Is there a conservative case against the carbon tax?

All four strands of conservatism in Canada – traditionalist, religious, free-market and populist – should logically support a tax

Jim FarneyConservative politicians across Canada have strongly opposed the federal government’s promise to impose a carbon tax since the idea was floated in 2015.

Beginning with former premier Brad Wall in Saskatchewan, opposition to the carbon tax is now a central commitment of conservative premiers Brian Pallister, Scott Moe and Doug Ford, as well as the leader of the federal Opposition Conservatives, Andrew Scheer.

It’s easy to see how conservatives would oppose a new tax created by the federal Liberal government. After all, what’s more conservative than opposing a new federal tax?

Dig deeper into conservative principles, though, and it’s hard to see where those principles point except towards a carbon tax.

Conservatism in Canada is a rope wound out of four strands: traditionalist conservatives, religious conservatives, free-market conservatives and conservative populists. The first two strands provide reasons to be concerned about climate change. The last two provide important reasons why a carbon tax is the appropriate mechanism to use to reduce emissions.

Traditionalists are the type of conservative that dictionaries define as “Tory.” In Canada, they’re personified by Robert Stanfield, Hugh Segal or Peter Lougheed. They advocate for a strong government able to pursue the collective interest. But they limit the scope of what government does. They have long argued that the growth associated with unrestrained capitalism damages local communities. Contemporary British Tories like Roger Scruton, for example, argue for strong government action to protect the environment.

Religious conservatives usually make the news for their positions on social issues such as euthanasia or abortion. But all of the major religious traditions in Canadian society have well-established traditions of social thought that cover the waterfront of political, economic and social issues. Over the last generation, all of these traditions have increasingly stressed the importance of environmental stewardship – perhaps most famously in Pope Francis’s 2015 encyclical Laudato si.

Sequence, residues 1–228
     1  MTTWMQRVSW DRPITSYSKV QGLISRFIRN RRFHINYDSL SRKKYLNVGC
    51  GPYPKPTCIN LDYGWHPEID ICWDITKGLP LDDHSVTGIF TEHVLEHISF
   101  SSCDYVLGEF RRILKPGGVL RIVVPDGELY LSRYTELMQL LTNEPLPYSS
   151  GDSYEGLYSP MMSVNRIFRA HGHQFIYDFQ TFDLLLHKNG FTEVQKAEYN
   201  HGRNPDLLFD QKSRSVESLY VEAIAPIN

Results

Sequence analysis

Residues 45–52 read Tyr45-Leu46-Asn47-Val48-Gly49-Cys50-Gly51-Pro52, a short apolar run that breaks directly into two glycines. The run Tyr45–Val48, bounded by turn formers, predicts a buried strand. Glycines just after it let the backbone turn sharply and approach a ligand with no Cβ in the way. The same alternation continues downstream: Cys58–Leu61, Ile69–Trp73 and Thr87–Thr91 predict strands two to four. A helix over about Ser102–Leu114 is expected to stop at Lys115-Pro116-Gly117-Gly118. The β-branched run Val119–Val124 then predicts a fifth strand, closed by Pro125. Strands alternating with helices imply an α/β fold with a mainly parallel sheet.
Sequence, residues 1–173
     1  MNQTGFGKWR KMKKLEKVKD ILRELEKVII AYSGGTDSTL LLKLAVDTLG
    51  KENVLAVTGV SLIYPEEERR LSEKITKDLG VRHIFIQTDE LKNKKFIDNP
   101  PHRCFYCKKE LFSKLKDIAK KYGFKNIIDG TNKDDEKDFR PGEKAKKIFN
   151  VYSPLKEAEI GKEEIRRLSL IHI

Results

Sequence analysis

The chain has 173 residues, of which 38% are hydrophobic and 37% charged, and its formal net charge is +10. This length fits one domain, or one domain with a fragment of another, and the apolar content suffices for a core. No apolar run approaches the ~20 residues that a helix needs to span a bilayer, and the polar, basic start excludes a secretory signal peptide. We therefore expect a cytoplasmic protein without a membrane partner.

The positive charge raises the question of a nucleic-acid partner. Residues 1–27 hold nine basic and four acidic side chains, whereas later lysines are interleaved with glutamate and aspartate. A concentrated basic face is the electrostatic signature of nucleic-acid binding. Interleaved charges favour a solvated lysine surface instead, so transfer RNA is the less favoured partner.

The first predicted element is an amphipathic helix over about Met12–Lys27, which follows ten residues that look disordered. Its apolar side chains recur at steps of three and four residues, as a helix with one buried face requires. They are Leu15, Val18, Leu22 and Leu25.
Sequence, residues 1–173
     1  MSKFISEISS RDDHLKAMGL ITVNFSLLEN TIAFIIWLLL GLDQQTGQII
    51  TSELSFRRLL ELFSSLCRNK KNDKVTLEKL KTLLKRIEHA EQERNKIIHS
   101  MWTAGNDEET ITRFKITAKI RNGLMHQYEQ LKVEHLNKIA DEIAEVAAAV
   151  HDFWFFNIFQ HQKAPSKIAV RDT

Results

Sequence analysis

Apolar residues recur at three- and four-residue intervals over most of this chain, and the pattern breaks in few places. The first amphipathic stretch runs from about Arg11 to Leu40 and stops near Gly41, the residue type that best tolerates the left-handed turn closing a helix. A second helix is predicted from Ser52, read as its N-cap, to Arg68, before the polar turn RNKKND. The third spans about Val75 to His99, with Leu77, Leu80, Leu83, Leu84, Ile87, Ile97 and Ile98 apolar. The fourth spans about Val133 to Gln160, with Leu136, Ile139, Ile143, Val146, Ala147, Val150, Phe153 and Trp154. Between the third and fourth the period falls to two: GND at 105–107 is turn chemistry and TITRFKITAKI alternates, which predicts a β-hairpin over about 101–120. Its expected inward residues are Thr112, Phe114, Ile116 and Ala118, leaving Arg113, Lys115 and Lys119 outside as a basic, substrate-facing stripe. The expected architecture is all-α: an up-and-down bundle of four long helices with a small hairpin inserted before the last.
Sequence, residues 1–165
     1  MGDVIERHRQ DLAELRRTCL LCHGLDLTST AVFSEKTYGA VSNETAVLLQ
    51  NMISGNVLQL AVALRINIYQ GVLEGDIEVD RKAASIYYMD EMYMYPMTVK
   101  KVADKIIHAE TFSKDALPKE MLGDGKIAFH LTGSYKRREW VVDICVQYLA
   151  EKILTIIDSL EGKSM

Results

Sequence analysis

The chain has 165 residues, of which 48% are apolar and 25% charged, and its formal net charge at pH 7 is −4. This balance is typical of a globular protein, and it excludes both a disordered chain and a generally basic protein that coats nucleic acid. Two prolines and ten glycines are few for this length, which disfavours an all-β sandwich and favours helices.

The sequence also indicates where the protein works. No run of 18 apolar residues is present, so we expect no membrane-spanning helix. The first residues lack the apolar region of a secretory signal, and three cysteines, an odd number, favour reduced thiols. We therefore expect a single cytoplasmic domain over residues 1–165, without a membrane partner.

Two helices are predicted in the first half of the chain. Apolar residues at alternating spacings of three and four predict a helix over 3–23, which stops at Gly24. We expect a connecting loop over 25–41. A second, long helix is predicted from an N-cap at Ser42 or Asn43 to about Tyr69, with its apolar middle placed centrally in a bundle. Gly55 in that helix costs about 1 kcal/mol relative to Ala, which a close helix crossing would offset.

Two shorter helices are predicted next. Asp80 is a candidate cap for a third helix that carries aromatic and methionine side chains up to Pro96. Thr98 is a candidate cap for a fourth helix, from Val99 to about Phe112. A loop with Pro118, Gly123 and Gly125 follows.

This leaves us with free-market conservatives and populists – the largest and most politically important strands of conservatism in Canada today. They part company with traditionalists or religious conservatives on the importance of environmental issues. But both types make powerful arguments about how government ought to pursue instances of the public good that have important implications for how to approach climate change.

Free-market conservatives, almost by definition, hold true to a central gospel: setting prices through the marketplace is an extraordinarily efficient way to allocate scarce resources. They don’t like taxes. However, they recognize the good that can come from a transparent tax, imposed fairly for a demonstrable social good.

Free-market conservatives will argue cap and trade or carbon rationing requires a much more robust level of government intervention. And such taxes would destroy the market’s ability to communicate value accurately through setting prices. As such, they create winners and losers. A transparent tax like the carbon tax, they might argue, treats all emissions equally. In so doing, it preserves the market’s inherent ability to accurately set the most efficient price.

This leaves populists. If by populist we mean popular, then Premiers Moe and Ford have hit pay dirt. But if we mean populist in the way that Canada’s most notable conservative populist, Preston Manning, defined the term, then we come to a different position. Manning emphasized that to be populist was to create mechanisms that allow ordinary people to bring their wisdom to bear on the making of public policy.

Recognizing the carbon cost of consumption decisions is a direct and transparent way to involve ordinary people in collective decisions. We end up in the same place as free-market arguments. Indeed, Manning publicly supports a carbon tax.

So what we’re left with are two arguments often made by conservatives but which, strictly speaking, aren’t conservative.

One is jurisdictional: this is a policy area in which the provinces ought to take the lead and not the federal government. Ultimately, this question will be decided by the courts.

The other is regional: a carbon tax that hurts provinces like Alberta and Saskatchewan more than Quebec is unfair.

These are important questions. Answering them may tell us which government should do something about Canada’s carbon emissions.

But it’s inescapable that what should be done, if done by conservatives, would look remarkably like a carbon tax.

Jim Farney is an associate professor of Politics at the University of Regina, author of Social Conservatives and Party Politics in Canada and the United States, and co-editor of Conservativism in Canada. He’s also a contributor with EvidenceNetwork.ca, which is based at the University of Winnipeg.


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